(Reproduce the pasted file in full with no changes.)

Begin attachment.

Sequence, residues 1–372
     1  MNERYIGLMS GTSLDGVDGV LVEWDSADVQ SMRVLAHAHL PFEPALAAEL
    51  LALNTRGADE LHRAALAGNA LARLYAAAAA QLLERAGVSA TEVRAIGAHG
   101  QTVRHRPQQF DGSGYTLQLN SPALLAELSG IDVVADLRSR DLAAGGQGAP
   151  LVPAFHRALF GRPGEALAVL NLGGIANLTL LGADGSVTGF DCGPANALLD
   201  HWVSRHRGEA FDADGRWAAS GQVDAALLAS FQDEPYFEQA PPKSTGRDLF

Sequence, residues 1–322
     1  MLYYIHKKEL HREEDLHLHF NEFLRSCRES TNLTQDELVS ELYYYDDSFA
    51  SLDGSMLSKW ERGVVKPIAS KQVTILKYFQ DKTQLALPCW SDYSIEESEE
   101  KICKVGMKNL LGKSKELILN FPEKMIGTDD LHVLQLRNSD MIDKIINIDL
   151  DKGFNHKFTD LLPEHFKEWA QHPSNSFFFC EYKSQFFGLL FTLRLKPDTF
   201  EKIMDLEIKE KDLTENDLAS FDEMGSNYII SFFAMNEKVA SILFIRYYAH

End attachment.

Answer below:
Sequence, residues 1–372
     1  MNERYIGLMS GTSLDGVDGV LVEWDSADVQ SMRVLAHAHL PFEPALAAEL
    51  LALNTRGADE LHRAALAGNA LARLYAAAAA QLLERAGVSA TEVRAIGAHG
   101  QTVRHRPQQF DGSGYTLQLN SPALLAELSG IDVVADLRSR DLAAGGQGAP
   151  LVPAFHRALF GRPGEALAVL NLGGIANLTL LGADGSVTGF DCGPANALLD
   201  HWVSRHRGEA FDADGRWAAS GQVDAALLAS FQDEPYFEQA PPKSTGRDLF

Sequence, residues 1–322
     1  MLYYIHKKEL HREEDLHLHF NEFLRSCRES TNLTQDELVS ELYYYDDSFA
    51  SLDGSMLSKW ERGVVKPIAS KQVTILKYFQ DKTQLALPCW SDYSIEESEE
   101  KICKVGMKNL LGKSKELILN FPEKMIGTDD LHVLQLRNSD MIDKIINIDL
   151  DKGFNHKFTD LLPEHFKEWA QHPSNSFFFC EYKSQFFGLL FTLRLKPDTF
   201  EKIMDLEIKE KDLTENDLAS FDEMGSNYII SFFAMNEKVA SILFIRYYAH